The Fort Moultrie at Fort Sumter National Monument in South Carolina is the fifth release in 2016 of the U.S. Mint's popular 5 oz bullion America the Beautiful series. This 5 oz coin is the collector version with an uncirculated finish and a box and COA.
- Contains 5 oz of .999 fine Silver.
- Comes with protected box, capsule and a certificate of authenticity.
- This collector version America The Beautiful coin features a beautiful Burnished Finish and the "P" mintmark.
- Obverse: Portrait of George Washington originally designed by John Flanagan, with the inscriptions of "United States of America", "Liberty", "In God We Trust" and "Quarter Dollar".
- Reverse: The design depicts Sergeant William Jasper returning the regimental flag to the ramparts while under attack from a British ship. Inscriptions are “FORT MOULTRIE,” “SOUTH CAROLINA,” “2016” and “E PLURIBUS UNUM.”
- Guaranteed by the U.S. Mint.
Click here for Capsules, Mint Boxes, Mint Tubes and Wood Display Cases to fit every Silver America The Beautiful coin in your collection!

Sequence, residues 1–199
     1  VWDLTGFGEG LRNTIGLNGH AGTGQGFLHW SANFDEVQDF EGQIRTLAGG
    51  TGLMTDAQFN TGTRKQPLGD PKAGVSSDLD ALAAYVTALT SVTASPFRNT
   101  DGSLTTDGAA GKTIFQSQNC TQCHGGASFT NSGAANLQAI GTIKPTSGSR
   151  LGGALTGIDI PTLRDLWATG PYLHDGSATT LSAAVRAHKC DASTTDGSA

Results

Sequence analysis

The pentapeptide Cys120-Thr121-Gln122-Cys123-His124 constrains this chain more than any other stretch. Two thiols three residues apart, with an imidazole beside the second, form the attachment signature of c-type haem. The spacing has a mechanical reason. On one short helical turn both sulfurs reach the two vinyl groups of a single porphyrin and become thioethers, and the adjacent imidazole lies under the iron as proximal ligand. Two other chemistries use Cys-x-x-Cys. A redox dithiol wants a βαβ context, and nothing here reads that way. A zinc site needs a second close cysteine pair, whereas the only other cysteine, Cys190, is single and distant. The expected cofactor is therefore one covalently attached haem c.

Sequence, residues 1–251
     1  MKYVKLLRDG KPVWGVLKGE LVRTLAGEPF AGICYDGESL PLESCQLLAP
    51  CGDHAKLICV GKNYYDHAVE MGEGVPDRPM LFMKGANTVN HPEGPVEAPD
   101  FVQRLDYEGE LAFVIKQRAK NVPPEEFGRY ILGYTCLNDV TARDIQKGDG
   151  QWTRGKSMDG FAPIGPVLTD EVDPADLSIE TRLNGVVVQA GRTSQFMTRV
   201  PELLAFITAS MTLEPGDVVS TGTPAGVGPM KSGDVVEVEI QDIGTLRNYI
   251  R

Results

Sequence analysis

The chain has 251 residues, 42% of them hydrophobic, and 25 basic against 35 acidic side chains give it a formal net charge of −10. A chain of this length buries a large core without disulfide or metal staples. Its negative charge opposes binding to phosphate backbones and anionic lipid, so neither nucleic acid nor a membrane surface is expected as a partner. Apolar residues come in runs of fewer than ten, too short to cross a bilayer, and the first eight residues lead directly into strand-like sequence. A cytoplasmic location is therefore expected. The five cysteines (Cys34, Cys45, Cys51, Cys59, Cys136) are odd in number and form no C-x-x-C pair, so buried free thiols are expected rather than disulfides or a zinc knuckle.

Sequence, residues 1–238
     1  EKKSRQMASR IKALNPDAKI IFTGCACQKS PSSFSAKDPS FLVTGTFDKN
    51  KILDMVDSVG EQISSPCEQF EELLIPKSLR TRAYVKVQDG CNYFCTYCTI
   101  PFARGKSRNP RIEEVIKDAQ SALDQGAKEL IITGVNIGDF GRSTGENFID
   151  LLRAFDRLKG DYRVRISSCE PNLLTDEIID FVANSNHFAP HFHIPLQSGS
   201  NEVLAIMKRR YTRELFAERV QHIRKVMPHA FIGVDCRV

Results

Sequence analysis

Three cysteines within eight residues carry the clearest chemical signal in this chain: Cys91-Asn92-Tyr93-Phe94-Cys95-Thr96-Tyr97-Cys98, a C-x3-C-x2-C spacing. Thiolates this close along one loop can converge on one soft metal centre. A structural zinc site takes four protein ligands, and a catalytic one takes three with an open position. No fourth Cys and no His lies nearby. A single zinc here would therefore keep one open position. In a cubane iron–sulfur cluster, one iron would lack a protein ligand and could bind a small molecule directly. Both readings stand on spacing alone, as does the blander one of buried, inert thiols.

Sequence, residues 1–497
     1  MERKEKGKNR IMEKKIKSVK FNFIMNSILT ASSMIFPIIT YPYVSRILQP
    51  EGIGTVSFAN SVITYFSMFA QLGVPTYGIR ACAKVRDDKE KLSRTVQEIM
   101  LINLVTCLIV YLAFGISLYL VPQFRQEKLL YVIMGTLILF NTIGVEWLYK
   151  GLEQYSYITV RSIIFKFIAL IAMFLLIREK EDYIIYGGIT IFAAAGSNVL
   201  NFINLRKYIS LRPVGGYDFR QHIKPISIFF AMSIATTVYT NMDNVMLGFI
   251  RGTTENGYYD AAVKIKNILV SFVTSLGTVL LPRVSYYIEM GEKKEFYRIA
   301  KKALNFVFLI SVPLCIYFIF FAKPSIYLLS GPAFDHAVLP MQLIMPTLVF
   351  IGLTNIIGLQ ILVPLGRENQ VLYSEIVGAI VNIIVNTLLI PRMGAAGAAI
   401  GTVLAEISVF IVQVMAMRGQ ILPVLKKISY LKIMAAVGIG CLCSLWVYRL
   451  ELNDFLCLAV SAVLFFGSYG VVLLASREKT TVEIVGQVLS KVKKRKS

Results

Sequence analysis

These coins are sought after by investors for their .999 fine Silver content, and demanded by collectors for their artistic value. Add this attractive coin to your cart today!
Fort Moultrie was established as a national site in 1948 that, along with Johnson and Castle Pinckney, are part of a chain of defensive islands in the Charleston Harbor. The location of Fort Moultrie was an early flashpoint in the Revolutionary War. American soldiers led by Colonel William Moultrie were based on Sullivan’s Island, building a fort, when they were attacked by British war ships. The early American revolutionaries made a retreat but were able to prevent the British from capturing Charleston, thus the island was named in honor of Moultrie. When South Carolina secede from the Union in 1860, the forts again became a focal point, this time in the Civil War. As technology changed, the fortified naval armaments in Charleston Harbor became obsolete and were converted to National Monuments. Today, Fort Moultrie has been restored to portray the major periods of history during its use, from a World War II Control post all the way back to a small log fort built in 1776.